Disgruntled teachers fight for increased pensions
Compared to most Canadians, Ontario’s teachers enjoy one of the richest pension plans in the country. Longtime teachers, who now contribute an average of 11% of salary towards their pension, can expect to receive about two thirds of what they were making over their last few years of work once they leave the classroom.
But, according to a group of disgruntled retired teachers, along with their widows and widowers, the Ontario Teachers’ Pension Plan isn’t playing fair when it comes to determining how much of this money the spouses of dead plan members should receive.
At issue is OTPP's practice of denying full survivor pensions to those who marry after they retire. Under the current rules, spouses who come along after the plan member retires are entitled to only 10 years of benefits.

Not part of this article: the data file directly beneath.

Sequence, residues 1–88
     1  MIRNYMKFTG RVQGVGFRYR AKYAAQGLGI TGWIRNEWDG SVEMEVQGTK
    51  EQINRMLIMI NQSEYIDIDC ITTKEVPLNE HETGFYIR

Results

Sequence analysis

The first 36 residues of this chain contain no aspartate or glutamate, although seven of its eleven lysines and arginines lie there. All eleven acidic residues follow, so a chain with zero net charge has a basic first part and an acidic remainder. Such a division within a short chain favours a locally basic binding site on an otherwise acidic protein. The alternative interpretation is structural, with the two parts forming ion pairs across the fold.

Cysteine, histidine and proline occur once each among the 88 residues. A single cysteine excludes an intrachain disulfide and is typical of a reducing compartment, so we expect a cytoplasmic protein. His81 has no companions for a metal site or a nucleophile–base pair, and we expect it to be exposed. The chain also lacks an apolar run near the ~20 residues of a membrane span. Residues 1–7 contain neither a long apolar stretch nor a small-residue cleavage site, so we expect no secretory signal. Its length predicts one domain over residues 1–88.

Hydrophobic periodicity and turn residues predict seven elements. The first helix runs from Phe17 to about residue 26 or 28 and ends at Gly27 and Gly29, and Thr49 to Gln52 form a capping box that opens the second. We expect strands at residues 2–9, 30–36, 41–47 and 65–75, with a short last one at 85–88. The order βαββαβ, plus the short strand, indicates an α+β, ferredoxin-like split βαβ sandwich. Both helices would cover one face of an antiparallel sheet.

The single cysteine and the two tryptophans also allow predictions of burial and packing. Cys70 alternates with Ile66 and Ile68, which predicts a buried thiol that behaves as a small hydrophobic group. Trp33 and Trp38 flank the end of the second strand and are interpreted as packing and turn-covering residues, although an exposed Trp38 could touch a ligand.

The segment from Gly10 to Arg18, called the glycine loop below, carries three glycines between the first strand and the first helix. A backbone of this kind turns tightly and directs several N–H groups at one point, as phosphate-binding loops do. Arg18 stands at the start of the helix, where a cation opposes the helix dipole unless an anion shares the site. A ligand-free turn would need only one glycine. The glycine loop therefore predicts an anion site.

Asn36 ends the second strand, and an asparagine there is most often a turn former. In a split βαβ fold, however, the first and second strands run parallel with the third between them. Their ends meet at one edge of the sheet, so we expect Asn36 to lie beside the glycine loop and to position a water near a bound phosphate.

If pensioners who marry after retirement want to provide a longer-lasting benefit, they must take a pension cut to obtain a survivors pension for their spouse. The reduced pension is permanent, even if the pensioner outlives their late-in-life spouse.
While a few plans in other provinces have adjusted their survivor formula (unlike most of today's programs, they were enjoying a surplus at the time) to provide full benefits, OTPP won’t budge, arguing that pension amounts are set upon retirement and what happens after that isn't relevant.
What do you think? Would such couples end up collecting beyond what they’re entitled to? Should the numbers change if someone gets hitched later in life?
By Gordon Powers, MSN Money
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